Soapstone Baptist Church

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There are two cemeteries on site: the current Soapstone Baptist Church Cemetery and the Slave Cemetery (to the south of the site). Please respect both places.

Five graves in the Slave Cemetery are marked by legible tombstones. Most prominent is that of Rev. A. R. Gowens (1845-1928). Gowens married twice: his first wife was Rhoda Gowans, born in 1837 and died May 17, 1882. Her epitaph reads: “Farewell my husband / Dear keep Christ the / Lord in your heart / In heaven we all / Should meet we will / shout around/ the Saviours feet.” Gowens’s second wife (and mother of daughter Charlotte) was Adline Gowan, who died October 4, 1890 [born 1854]. Her epitaph reads: “Farewell my husband / child dear keep / Christ the Lord in / Your [curved symbol] If in Heaven / We all should meet / We will shout around / The savior’s feet.” Charlotte Gowan married Ansel McKinney, also buried in the cemetery (footstones marked APM).

Another hand carved tombstone is that of Chanie Kimp (actually Chaney Kemp), born a slave about 1824 and willed to James Hester, along with her infant son Emerson. Emerson grew up to be Hester’s overseer. Freed in 1865, Emerson took the last name of Kemp, and by 1880 had settled in Liberia with his mother Chaney and son James. James Kemp’s grave is marked by the small white funeral home marker; he died in 1938. Since Emerson Kemp’s mother and son are buried here, it is likely that Emerson Kemp also lies in this cemetery, but his grave is unmarked.

The final legible stone is that of Queen, daughter of C. H. and E. A. Anderson, born December 28, 1896; died February 25, 1903. [carved epitaph:] “Asleep in Jesus.”
Other graves are marked only with rough fieldstones or by depressions in the ground.

Since many of these individuals had been born into slavery, we ask that you respect the graves by staying on the designated path and not taking rubbings from the stones because the stones are soft and easily eroded. Help us preserve the site for future generations.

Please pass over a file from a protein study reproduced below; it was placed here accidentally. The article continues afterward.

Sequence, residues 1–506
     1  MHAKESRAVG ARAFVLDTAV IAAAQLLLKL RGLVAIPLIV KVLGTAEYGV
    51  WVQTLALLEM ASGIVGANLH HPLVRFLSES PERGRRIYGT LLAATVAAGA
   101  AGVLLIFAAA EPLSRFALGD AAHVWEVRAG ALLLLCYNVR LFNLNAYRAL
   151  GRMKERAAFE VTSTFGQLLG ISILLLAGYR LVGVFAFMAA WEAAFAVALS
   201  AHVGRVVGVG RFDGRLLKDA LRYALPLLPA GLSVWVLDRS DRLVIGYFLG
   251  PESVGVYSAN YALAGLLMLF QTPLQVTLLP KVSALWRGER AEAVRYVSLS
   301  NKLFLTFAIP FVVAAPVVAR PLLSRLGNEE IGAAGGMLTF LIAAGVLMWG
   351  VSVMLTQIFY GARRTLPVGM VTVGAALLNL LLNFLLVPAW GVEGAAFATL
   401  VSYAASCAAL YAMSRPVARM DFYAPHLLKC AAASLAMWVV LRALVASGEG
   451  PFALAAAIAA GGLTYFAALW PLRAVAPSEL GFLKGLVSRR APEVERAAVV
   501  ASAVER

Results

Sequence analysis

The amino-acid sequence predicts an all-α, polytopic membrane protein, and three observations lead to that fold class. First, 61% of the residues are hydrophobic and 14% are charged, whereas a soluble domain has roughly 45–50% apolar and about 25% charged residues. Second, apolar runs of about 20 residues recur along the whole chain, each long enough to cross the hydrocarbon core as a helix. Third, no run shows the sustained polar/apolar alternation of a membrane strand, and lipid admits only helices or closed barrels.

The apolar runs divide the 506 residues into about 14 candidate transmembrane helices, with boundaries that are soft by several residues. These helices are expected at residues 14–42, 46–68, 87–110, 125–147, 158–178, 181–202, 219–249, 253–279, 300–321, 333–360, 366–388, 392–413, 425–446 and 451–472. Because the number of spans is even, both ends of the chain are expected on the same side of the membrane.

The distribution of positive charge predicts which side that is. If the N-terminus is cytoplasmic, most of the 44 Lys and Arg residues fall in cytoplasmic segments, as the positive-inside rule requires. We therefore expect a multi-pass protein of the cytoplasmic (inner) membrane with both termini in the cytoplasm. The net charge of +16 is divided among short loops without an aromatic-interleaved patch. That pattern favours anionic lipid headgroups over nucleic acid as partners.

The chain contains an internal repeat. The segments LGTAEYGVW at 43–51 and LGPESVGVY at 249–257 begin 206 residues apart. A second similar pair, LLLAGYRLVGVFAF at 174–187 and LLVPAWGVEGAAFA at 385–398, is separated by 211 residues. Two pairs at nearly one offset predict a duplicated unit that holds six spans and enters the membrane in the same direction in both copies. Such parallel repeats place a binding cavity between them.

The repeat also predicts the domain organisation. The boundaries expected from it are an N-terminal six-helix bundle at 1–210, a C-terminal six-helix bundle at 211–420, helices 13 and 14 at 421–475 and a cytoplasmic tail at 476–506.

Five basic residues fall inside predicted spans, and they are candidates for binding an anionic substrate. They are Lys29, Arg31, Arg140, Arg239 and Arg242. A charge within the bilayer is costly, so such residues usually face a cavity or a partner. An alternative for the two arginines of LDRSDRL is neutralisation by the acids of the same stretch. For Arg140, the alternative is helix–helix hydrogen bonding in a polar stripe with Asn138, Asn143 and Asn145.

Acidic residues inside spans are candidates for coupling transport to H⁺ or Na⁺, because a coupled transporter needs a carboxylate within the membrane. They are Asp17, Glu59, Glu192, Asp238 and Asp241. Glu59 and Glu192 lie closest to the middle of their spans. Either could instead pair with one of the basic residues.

On that Saturday in 2010, about 35 people showed up to work in the cemetery . They worked until noon and Clarke, true to her word served a feast. Fried fish, chicken, potato salad, green beans. Afterward, she expected them to leave, but they stayed to work, and that afternoon they came to the first grave.

Mrs. Clark persevered. She contacted Pickens County and applied for a grant, to help clear the land, and she contacted Clemson University about helping restore some of the gravestones. That’s how she met Dr. John Coggeshall ( a cultural anthropologist and a professor at Clemson University, who has studied the Liberia community), Drl Coggeshall was so infatuated with the Liberia community that he spent nearly a decade writing a book about it. The book is currently set to be published.

“There is this stereotype that white people in the mountains didn’t owns slaves, or that there weren’t many slaves in the mountains, but that’s not true either,” says Coggeshall, who has already promised the proceeds from his book to the Liberia community. “That’s why this is a pretty interesting community, we’re as close to the mountains as we can get in South Carolina, and here were African American former slaves in the mountains, and most of them also left so the fact that Liberia is still here is in itself interesting.”


For more information contact
Mable Clarke
296 Liberia Road
Pickens, SC  29671

(864) 414-8470

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